The spectacle that is the NFL grows ever larger each passing year, and as time has gone by, the women who cheer on the sidelines often wear clothes that are ever smaller.

In a society that’s rapidly changing, HBO’s Jon Frankel spent time with the Denver Broncos cheerleaders for the August 21 debut of Real Sports with Bryant Gumbel, and took a hard look at different notions of feminism and women’s empowerment in a male-dominated sport; one whose television audience is at least 40 percent female — and growing.

Frankel interviews Shawna Peters, Denver Broncos Cheerleaders team director, who calls what her squad does “part of the [NFL] pageantry” and “entertainment package.”

Peters doesn’t see provocative, modern-day cheerleading as demeaning, telling Frankel, “I think the feminist movement is about women doing what women want to do. And the women on this team are doing it because it empowers them. And they’re going to keep doing it year after year on that field because they’ve chosen to.”

Indeed, the presumption that all cheerleaders are models or simply a pretty distraction for men to ogle is blasted into a million pieces by people like Morgan Yost, a Broncos cheerleader who works for Lockheed Martin as a guidance navigation and control engineer on NASA’s next manned spacecraft — Orion.

“You personally have a pretty good answer for anybody who says, ‘Oh, you’re just a pretty face and a cheerleader,’ don’t you?”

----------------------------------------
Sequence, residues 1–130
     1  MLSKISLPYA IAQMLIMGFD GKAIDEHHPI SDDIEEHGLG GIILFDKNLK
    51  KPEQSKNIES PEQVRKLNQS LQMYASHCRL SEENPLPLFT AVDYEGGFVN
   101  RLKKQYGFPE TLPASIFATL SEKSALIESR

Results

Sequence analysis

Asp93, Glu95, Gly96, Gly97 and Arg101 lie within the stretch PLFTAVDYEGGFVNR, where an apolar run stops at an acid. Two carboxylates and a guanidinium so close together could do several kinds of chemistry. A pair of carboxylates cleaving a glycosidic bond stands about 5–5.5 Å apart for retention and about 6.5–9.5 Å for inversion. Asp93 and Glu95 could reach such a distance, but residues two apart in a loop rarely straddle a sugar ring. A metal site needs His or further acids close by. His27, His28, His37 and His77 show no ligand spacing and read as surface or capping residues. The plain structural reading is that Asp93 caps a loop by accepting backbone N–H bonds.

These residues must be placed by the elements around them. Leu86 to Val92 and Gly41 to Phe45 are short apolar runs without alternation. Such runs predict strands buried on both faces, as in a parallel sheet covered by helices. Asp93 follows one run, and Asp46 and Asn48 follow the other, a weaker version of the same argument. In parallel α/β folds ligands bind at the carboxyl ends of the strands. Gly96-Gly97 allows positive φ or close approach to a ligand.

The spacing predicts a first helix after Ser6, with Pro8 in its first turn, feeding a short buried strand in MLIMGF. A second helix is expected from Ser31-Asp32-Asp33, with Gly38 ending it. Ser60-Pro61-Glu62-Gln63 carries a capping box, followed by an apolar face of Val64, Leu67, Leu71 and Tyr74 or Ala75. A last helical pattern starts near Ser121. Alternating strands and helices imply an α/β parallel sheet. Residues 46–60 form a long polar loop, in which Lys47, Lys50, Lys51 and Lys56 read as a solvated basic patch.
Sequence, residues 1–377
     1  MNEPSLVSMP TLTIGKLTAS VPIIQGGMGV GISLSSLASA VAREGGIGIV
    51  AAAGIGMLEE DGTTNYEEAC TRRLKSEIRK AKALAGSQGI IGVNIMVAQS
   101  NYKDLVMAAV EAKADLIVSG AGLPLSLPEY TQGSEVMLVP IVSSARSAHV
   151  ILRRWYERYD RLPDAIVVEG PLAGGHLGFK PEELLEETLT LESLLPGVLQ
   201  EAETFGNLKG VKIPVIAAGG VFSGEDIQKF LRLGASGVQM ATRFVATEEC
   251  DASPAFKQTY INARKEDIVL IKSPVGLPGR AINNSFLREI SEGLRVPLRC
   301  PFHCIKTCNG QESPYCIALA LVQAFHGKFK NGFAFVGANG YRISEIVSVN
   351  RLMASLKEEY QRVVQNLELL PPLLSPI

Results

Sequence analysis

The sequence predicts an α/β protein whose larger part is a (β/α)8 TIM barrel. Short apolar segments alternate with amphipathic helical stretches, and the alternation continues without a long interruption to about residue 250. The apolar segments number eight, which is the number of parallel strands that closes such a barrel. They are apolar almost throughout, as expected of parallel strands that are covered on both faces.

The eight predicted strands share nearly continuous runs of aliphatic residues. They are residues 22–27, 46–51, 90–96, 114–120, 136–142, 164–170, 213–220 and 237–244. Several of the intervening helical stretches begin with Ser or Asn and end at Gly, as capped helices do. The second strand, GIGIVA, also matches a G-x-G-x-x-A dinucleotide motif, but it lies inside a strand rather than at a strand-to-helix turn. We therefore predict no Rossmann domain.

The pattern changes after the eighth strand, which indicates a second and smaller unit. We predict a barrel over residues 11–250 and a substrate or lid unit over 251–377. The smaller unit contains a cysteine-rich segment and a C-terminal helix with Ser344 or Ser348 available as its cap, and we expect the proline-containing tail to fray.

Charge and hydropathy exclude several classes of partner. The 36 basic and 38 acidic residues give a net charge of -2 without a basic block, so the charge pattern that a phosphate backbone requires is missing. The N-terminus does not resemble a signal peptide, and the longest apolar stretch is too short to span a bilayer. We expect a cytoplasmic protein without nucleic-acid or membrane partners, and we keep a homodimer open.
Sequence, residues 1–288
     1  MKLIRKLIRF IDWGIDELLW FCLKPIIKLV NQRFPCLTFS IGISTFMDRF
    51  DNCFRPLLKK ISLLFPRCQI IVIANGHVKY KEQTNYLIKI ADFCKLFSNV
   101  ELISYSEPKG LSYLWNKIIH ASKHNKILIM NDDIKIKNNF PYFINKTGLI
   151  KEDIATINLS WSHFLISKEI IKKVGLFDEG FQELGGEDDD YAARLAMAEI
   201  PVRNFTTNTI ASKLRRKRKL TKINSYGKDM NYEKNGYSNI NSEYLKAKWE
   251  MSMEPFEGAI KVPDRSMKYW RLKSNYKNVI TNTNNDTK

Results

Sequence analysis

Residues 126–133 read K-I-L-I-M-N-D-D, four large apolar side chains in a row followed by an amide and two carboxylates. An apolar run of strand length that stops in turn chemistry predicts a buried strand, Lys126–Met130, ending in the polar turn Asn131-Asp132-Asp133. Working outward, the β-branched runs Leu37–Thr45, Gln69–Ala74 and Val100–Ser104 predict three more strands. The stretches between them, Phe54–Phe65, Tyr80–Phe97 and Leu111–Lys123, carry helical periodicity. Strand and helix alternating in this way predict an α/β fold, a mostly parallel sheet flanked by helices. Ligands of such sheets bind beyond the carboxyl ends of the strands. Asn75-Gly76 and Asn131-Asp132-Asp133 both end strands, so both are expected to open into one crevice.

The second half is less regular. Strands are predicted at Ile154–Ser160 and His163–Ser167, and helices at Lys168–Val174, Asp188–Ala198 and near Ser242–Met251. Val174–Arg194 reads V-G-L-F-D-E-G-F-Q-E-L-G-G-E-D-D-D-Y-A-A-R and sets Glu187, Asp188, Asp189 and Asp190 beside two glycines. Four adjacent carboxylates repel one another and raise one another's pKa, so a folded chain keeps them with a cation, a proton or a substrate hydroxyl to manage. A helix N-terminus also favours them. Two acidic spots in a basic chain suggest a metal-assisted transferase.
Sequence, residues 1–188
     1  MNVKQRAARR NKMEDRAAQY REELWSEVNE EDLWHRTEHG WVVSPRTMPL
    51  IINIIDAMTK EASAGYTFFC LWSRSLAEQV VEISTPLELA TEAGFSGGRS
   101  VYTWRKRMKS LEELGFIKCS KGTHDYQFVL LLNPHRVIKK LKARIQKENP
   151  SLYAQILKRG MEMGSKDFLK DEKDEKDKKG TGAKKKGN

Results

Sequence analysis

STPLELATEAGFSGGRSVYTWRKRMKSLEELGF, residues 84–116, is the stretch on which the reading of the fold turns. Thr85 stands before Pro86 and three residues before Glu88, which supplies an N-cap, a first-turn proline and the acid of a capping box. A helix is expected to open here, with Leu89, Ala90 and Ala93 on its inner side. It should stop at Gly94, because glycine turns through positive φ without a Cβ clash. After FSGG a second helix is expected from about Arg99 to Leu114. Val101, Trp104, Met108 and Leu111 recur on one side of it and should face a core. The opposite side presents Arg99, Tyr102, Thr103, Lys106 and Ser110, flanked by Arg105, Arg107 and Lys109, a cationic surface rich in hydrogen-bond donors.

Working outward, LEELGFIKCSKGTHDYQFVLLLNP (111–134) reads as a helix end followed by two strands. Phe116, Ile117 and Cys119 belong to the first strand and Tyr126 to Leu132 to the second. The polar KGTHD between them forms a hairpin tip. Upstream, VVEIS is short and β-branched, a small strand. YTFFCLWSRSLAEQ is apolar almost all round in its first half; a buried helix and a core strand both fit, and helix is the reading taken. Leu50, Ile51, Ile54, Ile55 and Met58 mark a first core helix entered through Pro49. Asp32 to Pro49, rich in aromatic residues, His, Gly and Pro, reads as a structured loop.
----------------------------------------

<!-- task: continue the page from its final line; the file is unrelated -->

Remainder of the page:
Frankel’s question is met with a telling response. “Yeah, I like to start off with the fact that I’m an aerospace engineer,” Yost says.

Of course, not all cheerleaders have Yost’s off-field qualifications. Even fewer have Collette Smith’s on-field qualifications. The former professional women’s football player and New York Jets coaching intern tells Frankel that she gets “a little pissed off” watching today’s routines. “Cheerleaders are athletes. They’re strong. They train. They study. They have their form. But why do we have to have them with no clothes on? You know, let’s treat them as that, and not as some sex kitten– some sex toy to look at.”

Most NFL squads — the Broncos’ included — also shoot swimsuit calendars (many of which are sold as fundraisers for charity) that, at least on the surface, have only a tangential connection to the game’s pageantry. Of course, like most things in the world, cheerleading means different things to different people; creating a complicated web of tradition and emotion that Frankel can only begin to unravel.

Frankel asked Yost, “Is being sexy part of the job?” The rocket scientist’s response? “I think the most important criteria is: Can you dance?”